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The Man of the Woods
Alicia writes beautifully and humorously about the things we probably all take too seriously. In this delightful essay she offers a thought-provoking view of how our expectations and understanding of love might change as we become older and, one hopes, wiser.
I spent my 20s crying over Frenchmen on street corners in San Francisco. It started with the Parisian lawyer I dated long-distance. He struggled with his career and keeping his phone charged so I instead fell in love with a ski instructor from the Southern Alps who broke my heart at the corner of Sutter and Mission. Things fell apart with the Burgundian biker in Haight-Ashbury. He kept a scraggly beard that looked a little unkempt — so much so that when I traipsed him into my favorite wine bar outside Chinatown the Norman manager asked whether I’d found him in the woods. From thereon out we referred to him as l’homme des bois — but, to me, at least, he looked scraggly in an amorous, sophisticated way.
e.g. He might disappear into the woods and re-appear with truffles.
For all the negative things I say about it, San Francisco is actually quite a cosmopolitan and — to wit — Francophone city. It attracts European men drawn to gastronomy and architecture who simultaneously see the beauty in 1s and 0s and for the time I called California home I found myself falling for them in
rapid succession turn. I liked their penchant for literature over self-help books. When I broke off my love affair with the Parisian, he didn’t inundate me with second-hand wisdom gleamed from Dan Savage or Esther Perel; he left me instead at the edge of the Presidio with a collection of gold jewelry and a French translation of Anna Karénine.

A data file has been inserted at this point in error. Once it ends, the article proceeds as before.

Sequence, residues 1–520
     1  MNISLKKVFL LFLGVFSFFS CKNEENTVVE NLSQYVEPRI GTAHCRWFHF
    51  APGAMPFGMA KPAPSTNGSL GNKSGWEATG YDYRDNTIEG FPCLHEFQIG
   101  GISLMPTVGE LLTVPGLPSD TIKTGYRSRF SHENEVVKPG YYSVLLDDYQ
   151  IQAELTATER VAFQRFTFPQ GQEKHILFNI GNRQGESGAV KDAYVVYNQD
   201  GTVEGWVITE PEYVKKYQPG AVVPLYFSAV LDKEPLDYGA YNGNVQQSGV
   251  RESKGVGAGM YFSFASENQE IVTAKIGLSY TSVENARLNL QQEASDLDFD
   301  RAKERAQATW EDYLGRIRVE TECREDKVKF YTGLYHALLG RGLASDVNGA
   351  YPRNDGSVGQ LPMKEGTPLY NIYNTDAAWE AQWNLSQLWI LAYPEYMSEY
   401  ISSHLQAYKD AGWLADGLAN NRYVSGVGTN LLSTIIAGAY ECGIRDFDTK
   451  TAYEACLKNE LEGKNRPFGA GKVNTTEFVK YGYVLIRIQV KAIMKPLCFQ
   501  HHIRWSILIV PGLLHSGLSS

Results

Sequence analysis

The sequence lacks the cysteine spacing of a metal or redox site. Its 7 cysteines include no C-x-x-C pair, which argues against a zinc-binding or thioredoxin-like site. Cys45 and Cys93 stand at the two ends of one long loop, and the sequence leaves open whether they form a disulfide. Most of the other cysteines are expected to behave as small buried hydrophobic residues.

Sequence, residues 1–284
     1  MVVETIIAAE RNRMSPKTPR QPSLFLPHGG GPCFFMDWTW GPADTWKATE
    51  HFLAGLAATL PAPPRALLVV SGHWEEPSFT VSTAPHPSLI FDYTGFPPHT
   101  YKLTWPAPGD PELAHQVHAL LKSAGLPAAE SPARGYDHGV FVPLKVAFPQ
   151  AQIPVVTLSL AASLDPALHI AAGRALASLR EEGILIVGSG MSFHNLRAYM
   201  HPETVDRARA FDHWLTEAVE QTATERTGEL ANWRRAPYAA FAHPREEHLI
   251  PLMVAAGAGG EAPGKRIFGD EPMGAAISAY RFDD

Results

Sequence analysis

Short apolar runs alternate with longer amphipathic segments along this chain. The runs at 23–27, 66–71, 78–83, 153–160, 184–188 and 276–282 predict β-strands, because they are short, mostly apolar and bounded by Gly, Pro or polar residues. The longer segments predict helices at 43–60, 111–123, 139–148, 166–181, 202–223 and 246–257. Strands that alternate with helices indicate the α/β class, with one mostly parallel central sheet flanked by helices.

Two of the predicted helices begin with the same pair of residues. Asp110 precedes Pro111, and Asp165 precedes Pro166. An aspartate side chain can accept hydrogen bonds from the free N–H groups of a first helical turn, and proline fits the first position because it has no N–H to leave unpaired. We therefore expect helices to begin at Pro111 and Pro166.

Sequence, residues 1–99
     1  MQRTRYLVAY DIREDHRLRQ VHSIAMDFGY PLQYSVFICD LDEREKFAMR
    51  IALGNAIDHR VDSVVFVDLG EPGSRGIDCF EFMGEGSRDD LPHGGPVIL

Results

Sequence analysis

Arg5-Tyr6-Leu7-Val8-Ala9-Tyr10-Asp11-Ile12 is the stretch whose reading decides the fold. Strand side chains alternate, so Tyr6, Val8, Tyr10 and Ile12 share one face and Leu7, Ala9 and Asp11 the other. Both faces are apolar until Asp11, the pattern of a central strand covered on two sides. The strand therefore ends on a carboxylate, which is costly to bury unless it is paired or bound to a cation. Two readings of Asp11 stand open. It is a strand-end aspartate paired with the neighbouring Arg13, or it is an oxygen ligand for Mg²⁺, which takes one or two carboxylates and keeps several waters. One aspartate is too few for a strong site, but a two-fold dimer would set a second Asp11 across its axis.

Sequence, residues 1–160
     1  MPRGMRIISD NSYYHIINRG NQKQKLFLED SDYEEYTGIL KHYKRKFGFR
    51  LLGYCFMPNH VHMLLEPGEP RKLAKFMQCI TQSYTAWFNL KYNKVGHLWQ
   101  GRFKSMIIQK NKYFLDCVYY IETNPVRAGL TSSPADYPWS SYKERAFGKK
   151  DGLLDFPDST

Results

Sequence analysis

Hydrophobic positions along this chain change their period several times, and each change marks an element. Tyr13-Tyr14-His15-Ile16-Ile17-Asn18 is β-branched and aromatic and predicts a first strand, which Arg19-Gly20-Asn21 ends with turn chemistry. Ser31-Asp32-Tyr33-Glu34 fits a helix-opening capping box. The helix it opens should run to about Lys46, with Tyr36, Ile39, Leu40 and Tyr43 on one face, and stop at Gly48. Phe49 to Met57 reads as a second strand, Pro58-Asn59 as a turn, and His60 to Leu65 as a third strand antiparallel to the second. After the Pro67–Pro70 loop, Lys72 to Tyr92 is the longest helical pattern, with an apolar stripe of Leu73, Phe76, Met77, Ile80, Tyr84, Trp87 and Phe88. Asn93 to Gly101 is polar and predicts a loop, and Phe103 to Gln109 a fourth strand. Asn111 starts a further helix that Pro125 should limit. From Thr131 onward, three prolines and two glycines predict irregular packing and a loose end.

In a shadow box at the back of my closet, I still have a poem the barman texted the night I left sobbing on the MUNI 1 California:
Tu auras été une superbe passion,
un rêve qui pourrait être une vie
tellement il est sublime1
The problem with dreams — even French ones — is, of course, you eventually wake up. Now that I’m approaching 40, with the benefit of accumulated wisdom and hindsight, I’ve come to accept a healthy love isn’t defined by dramatic departures and accents aigus. I better recognize the importance of big picture compatibility: do we repair well after an argument, do we agree on finances, do we want to live on the same continent?
Still, in the same way James Salter —- one of the most masterful writers in the English language and a prominent francophile — once declared style is the writer, so, too, does a part of me still believe love is the fantasy as rendered through detail, carefully considered action and poetry. That a life well-lived bears at least some resemblance to the dream-like world the writer brings to life in one of my all-time favorite novels, A Sport and a Pastime, a chef d’oeuvre the New York Times once declared “lyricizes the flesh and France with the same intensity.”
Give me imaginary Autun in autumn, give me “thin, reflecting sliver[s[ which somehow keep catching the light”, give me a character as “contrary, seasoned and unknowable as any human can be.”
Is this too much to ask?
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You will have been a superb passion, a dream that could be a lifetime, so much it is sublime.